The Review: If you’ve never seen a Jacques Audiard film before, then you should come to this with the right expectations: that what you’re going to get will be a little unconventional, to say the least. Take his last three films: Read My Lips, involving the pairing off of an almost deaf woman with an ex-convict, or The Beat My Heart Skipped, the story of a shady real estate broker with aspirations to be a pianist. Audiard’s last film, A Prophet, was less concerned with romantic aspirations but still took a hard-boiled prison drama and wove supernatural elements inextricably within it. So if you’re coming to Rust and Bone completely cold, you should be aware that Audiard’s films are anything but simple.
It will be no surprise in that context that Rust And Bone sees a return to romance, but also that it’s not your average boy meets girl. In this case the boy is a big hulk of a man, Ali (Matthias Schoenaerts) who’s trying to find the means to raise the young son he’s been saddled with looking after, but it’s difficult when responsibility doesn’t come easy to him. Through one of his many attempts at respectable work as a nightclub bouncer, he has a chance encounter with Stephanie (Marion Cotillard), whose hotheadedness gets her in trouble at the club before Ali intervenes. A begrudging act of kindness on her part later becomes more crucial when she suffers an unfortunate and potentially devastating accident; through that, this odd couple start to become friends, but form a complex relationship which both of them struggle to truly come to terms with.
Audiard is no stranger to powerful male figures in his films (the last three have featured Vincent Cassel, Romain Duris and Tahar Rahim, for example), and Matthias Schoenaerts seems to have been hewn almost from solid granite, such is his imposing physical presence. But the real strength comes from the performance of Marion Cotillard, now no stranger to English speaking audiences for her work with the likes of Michael Mann and Christopher Nolan. Most reviews are giving away the nature of what happens to her character, and given that she’s a killer whale trainer it’s maybe not hard to surmise, but I’ll leave that for you to find out on screen if by some miracle you don’t already know; either way, the pain of self-discovery is powerfully captured by Cotillard, but that’s only the start of an excellent performance that sees her take a surprising, but always believable, journey through that pain and towards some form of a normal life.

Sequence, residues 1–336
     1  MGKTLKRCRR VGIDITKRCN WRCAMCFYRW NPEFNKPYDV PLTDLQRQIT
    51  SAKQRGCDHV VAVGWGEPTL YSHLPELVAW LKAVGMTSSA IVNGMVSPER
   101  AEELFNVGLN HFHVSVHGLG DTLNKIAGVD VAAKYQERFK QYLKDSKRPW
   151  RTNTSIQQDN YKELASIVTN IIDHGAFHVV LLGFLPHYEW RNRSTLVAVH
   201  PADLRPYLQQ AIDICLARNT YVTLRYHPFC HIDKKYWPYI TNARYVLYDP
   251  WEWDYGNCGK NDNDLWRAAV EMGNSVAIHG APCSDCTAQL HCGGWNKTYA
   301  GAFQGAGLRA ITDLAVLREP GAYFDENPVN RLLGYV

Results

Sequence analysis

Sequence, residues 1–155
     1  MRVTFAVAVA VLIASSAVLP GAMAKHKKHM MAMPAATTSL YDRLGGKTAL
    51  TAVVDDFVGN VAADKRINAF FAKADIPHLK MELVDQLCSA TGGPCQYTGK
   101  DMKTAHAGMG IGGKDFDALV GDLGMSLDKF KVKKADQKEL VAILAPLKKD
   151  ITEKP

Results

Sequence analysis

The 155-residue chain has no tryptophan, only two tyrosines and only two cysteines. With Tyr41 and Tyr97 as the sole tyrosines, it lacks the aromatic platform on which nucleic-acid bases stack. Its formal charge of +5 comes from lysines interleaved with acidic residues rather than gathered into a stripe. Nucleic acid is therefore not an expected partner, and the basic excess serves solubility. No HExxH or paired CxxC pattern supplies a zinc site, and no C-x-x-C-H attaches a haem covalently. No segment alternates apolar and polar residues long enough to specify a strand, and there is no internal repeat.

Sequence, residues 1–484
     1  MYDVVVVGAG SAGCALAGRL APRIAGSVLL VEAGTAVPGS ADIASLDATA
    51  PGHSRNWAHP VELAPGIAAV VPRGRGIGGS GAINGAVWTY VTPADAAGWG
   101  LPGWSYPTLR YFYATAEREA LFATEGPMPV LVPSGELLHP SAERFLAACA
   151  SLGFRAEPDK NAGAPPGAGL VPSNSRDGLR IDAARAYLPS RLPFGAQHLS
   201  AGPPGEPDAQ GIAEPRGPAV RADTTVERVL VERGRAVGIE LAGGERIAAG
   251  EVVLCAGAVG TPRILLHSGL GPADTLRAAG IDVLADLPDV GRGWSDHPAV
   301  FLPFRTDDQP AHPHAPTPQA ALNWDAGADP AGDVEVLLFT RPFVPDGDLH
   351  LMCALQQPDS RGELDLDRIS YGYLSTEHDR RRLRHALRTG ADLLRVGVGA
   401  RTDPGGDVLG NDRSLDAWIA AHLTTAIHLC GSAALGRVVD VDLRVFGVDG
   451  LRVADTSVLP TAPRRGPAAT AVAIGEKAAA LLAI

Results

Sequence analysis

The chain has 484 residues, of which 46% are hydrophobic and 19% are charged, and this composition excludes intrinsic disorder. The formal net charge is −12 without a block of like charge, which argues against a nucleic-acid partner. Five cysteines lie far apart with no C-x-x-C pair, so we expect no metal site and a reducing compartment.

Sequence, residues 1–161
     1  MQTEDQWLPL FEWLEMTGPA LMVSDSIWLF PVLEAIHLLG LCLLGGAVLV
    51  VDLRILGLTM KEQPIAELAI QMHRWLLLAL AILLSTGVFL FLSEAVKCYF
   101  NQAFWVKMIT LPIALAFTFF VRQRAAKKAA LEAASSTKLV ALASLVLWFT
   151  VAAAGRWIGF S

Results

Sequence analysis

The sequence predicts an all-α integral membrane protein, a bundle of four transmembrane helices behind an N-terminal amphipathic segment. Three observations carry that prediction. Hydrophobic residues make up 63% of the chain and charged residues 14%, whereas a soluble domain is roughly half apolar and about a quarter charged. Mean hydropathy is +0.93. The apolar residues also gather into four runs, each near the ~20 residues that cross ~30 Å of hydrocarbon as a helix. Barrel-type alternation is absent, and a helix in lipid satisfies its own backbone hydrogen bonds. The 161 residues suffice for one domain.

It’s fair to say that Audiard’s film isn’t necessarily concerned primarily with the difficulties of dealing with disability. There’s an awful lot more going on here, from Ali’s street fighting career to his stewardship of his son to the nature of his relationship with Stephanie to the issues of socialism and family brought up by some of the divisions between management and employees where Ali also works. With so much happening, not every plot line gets the time it needs (Ali’s son suffering most from this) and also not every plot feels that it’s earned its time in the mix. Whenever Cotillard’s on screen, Rust And Bone captures and keeps your attention, but when she’s not, it has to work a little harder, and while it’s not a constantly captivating film when it’s at its best, it soars. But it’s fascinating to see what can be done with modern special effects, no longer purely the domain simply of big Hollywood productions, and for the most part Audiard has produced another compelling story of human relationships with a twist to stand shoulder to shoulder with his earlier works.
Why see it at the cinema: Audiard knows how to use the frame, and there’s at least a couple of moments that pack a much bigger punch for being seen in a cinema for their emotional wallop.
The Score: 8/10